When Pennsylvania decided to allow schools the opportunity to open their facilities for offseason workouts, many in the state rejoiced.
Starting on June 23 or 24, for example, isn’t all that different from opening up on July 1, which had been the day the state had originally said they could open school properties. However, the very fact that the process is moving forward has, at the very least, buoyed spirits.
The news was welcomed at Athens, where Athletic Director J.B. Sullivan said, “We’re certainly excited. We want to get our athletes back and resume activity as soon as it’s safe to do so.”
Sullivan said that he’d be presenting a safety plan to the school board at Thursday night’s board meeting.
“Hopefully, we’ll get approval from the board and we’ll resume activity. That’s our goal,” he said. “Everyone’s going to have to be smart about it and do it in a safe way, but I know our athletes are chomping at the bit to get back on the field. I’m hopeful that we’ll be able to do that safely after we present to the board next Thursday.
“I think it’s great,” said Sayre Athletic Director Randy Felt. “These kids have been out of commission here for three or four months and they need something to look forward to. If we can get them back on the field and keep everyone safe and healthy, I think that’s a great thing.”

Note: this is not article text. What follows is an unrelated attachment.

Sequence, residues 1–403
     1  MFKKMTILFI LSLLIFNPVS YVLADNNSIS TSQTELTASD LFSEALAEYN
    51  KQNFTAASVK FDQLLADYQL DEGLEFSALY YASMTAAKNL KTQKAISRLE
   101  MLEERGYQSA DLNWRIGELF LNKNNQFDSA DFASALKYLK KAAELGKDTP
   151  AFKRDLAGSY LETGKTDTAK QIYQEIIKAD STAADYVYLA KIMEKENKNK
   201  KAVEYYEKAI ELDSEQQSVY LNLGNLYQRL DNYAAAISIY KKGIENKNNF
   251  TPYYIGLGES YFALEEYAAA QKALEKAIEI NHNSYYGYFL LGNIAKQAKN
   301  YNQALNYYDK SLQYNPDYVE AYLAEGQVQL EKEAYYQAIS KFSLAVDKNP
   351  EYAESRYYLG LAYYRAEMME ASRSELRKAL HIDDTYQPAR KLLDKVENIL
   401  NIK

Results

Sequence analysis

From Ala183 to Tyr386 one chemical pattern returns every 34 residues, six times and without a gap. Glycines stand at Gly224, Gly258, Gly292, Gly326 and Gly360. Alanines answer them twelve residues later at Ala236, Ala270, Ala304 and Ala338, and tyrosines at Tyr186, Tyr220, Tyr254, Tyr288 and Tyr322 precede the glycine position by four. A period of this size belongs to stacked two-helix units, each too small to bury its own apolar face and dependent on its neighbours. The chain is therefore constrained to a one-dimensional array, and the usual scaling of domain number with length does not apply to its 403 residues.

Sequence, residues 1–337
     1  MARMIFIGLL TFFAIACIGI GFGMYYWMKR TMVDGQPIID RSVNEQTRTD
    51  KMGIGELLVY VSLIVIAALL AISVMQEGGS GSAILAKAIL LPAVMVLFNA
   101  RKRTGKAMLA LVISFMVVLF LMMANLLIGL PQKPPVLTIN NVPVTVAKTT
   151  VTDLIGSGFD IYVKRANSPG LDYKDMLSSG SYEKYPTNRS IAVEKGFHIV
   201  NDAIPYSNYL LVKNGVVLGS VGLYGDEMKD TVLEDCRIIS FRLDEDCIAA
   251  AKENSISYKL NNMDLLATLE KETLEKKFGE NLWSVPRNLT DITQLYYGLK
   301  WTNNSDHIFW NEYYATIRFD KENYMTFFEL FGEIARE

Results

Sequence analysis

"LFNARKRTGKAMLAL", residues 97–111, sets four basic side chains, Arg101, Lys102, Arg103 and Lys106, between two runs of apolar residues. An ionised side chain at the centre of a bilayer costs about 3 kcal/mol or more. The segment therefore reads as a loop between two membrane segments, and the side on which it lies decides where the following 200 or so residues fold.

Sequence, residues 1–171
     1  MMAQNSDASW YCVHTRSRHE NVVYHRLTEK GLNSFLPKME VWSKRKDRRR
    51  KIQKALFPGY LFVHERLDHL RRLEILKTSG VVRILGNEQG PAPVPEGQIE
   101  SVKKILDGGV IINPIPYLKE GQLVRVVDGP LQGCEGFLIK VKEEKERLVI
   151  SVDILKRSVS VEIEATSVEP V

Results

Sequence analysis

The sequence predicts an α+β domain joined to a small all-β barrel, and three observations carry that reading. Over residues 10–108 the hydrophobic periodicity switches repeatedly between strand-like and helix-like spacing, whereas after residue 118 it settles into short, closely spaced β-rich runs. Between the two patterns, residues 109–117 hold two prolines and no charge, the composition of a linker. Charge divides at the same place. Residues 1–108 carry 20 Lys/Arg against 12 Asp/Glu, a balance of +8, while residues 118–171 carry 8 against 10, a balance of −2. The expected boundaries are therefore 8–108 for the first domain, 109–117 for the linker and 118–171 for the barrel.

Felt noted that they haven’t had a chance to work on a plan yet and that the plan will need to meet guidelines from the Centers for Disease Control and Prevention, the Pennsylvania Department of Education and PIAA. He said that he does expect to be meeting soon to do so.
“There’s a lot to look at, a lot to consider so we have to make sure we have the right people in on this decision and make sure we cover all of the bases,” Felt added.
He noted that he may get some help along the way.
“I’m hearing that next week Northern Tier League athletic directors will get together and bounce ideas off each other so there can be some consistency throughout the league,” Felt said. “I think it’s good. I think it would be very difficult if we were all over the place. I think that would be very helpful for everybody.”